P_Edens wrote:Hack, Thanks for the ID! I couldn't figure out what it was. I never did notice where it went when it wasn't on my lens. But, that is quite possible since I was right on the water's edge. It was one of the few butterflies out there.
Patti, how did the video on the tadpoles work out? Here comes a male Eastern Tigerswallowtail, I think. Yesterday I had a female, this must be the subsequent brood since spring. Hack, have I got the gender on these butterfly down? Needed your help.
Lily, I will be interested to hear how to tell the difference between male and female Tigers. I do see the dark females in the Houston area, but I wouldn't know if a yellow one was male or female.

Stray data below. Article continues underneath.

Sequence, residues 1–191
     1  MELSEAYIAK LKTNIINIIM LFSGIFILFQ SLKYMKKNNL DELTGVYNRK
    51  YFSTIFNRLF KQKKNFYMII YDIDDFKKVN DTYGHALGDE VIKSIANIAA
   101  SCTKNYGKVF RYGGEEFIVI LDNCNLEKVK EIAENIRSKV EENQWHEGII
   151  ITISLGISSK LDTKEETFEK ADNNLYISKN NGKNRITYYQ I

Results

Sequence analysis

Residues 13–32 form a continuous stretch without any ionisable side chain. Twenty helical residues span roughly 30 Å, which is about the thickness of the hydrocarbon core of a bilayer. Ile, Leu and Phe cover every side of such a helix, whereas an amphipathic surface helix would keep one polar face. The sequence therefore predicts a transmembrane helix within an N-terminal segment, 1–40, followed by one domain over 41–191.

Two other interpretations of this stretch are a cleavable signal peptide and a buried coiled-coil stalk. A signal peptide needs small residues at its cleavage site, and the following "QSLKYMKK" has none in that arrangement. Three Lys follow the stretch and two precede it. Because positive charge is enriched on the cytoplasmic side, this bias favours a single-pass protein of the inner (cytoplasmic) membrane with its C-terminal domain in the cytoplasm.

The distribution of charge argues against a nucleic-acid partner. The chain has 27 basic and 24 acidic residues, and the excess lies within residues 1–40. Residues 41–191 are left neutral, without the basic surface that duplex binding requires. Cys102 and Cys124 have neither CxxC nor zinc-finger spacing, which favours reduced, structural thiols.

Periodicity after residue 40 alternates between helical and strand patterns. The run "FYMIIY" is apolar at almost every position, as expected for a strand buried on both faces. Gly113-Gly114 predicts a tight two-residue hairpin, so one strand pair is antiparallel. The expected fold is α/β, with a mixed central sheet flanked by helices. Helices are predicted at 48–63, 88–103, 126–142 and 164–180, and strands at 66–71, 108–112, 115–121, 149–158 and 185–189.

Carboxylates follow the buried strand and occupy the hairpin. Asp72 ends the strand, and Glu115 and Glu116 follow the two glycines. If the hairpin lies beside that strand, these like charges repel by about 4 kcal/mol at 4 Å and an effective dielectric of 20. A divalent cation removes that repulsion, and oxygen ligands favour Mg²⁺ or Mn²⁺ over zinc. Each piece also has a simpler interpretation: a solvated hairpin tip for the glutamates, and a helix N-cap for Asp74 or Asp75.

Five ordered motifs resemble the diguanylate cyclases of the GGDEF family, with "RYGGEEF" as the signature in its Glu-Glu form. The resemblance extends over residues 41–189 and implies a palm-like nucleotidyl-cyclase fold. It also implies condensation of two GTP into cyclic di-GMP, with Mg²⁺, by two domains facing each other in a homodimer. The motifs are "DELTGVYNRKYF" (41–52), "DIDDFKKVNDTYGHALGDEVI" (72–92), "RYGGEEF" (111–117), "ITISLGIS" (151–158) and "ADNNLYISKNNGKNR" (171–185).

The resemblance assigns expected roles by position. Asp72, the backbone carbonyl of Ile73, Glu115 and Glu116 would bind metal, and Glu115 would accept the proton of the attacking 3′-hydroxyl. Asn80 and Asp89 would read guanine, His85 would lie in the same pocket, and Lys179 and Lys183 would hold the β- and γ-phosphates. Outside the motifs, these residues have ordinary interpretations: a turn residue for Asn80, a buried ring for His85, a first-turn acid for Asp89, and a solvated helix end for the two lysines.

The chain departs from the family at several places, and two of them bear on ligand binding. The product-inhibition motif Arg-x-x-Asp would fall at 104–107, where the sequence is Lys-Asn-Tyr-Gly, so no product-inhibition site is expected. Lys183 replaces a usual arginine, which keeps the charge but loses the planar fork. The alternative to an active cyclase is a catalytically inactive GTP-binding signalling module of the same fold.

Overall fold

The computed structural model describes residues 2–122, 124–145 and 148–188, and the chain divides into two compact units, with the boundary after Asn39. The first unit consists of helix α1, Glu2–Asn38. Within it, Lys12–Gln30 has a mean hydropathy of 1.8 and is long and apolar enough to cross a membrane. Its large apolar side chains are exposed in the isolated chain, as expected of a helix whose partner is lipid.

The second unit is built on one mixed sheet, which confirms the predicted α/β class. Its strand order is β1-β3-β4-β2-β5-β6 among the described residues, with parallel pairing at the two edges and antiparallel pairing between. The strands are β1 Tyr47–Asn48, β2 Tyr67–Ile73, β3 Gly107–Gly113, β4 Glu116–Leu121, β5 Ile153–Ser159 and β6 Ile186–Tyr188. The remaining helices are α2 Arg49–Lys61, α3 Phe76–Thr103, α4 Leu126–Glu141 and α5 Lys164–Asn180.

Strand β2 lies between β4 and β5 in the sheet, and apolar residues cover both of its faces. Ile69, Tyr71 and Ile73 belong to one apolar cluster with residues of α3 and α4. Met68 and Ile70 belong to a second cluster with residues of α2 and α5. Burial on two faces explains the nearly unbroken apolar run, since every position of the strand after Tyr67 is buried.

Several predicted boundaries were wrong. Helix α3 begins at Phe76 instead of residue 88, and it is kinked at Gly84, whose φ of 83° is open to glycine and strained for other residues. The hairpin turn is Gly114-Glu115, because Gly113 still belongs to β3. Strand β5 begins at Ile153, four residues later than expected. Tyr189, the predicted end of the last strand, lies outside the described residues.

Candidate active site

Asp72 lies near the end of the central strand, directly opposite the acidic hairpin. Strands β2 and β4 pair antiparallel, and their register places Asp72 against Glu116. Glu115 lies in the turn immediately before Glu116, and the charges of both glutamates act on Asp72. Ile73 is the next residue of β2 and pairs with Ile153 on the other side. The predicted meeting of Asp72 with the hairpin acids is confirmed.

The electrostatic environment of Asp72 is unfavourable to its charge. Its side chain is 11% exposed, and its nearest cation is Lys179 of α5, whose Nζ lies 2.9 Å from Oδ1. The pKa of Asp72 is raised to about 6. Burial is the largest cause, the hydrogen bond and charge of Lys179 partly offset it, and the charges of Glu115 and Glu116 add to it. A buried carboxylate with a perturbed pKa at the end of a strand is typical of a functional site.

The tadpole video was not so good. I really needed a polarizing filter to cut the glare on the water. They were huge bullfrog tadpoles, swimming around just under the surface and feeding on algae. Every once in a while, one would pop up to the surface and extend about two inches or so out of the water and then just flop right back down in the water. One of the strangest things I've ever seen. I think maybe they were transitioning from gills to lungs and they had to surface to breathe.
Morning, Hack - Really enjoyed all the wildlife pics. #5 is Canada Geese.
The 4th pic is a Muscovy Duck. They're commonly domesticated and, in fact, I had some Muscovies as pets many years ago along with other ducks and geese. They come in a wide array of colors, each one unique, and are fairly gentle.
Also, one year my husband and I were taking a "sort of" working vacation on an 80-acre farm in Michigan...much of it wooded plus it had a huge pond... owned by his sister and brother-in-law. They bought it as a place to bring their 7 kids on occasion, but most of the time it sat empty. We needed a break badly and they suggested we spend some time there.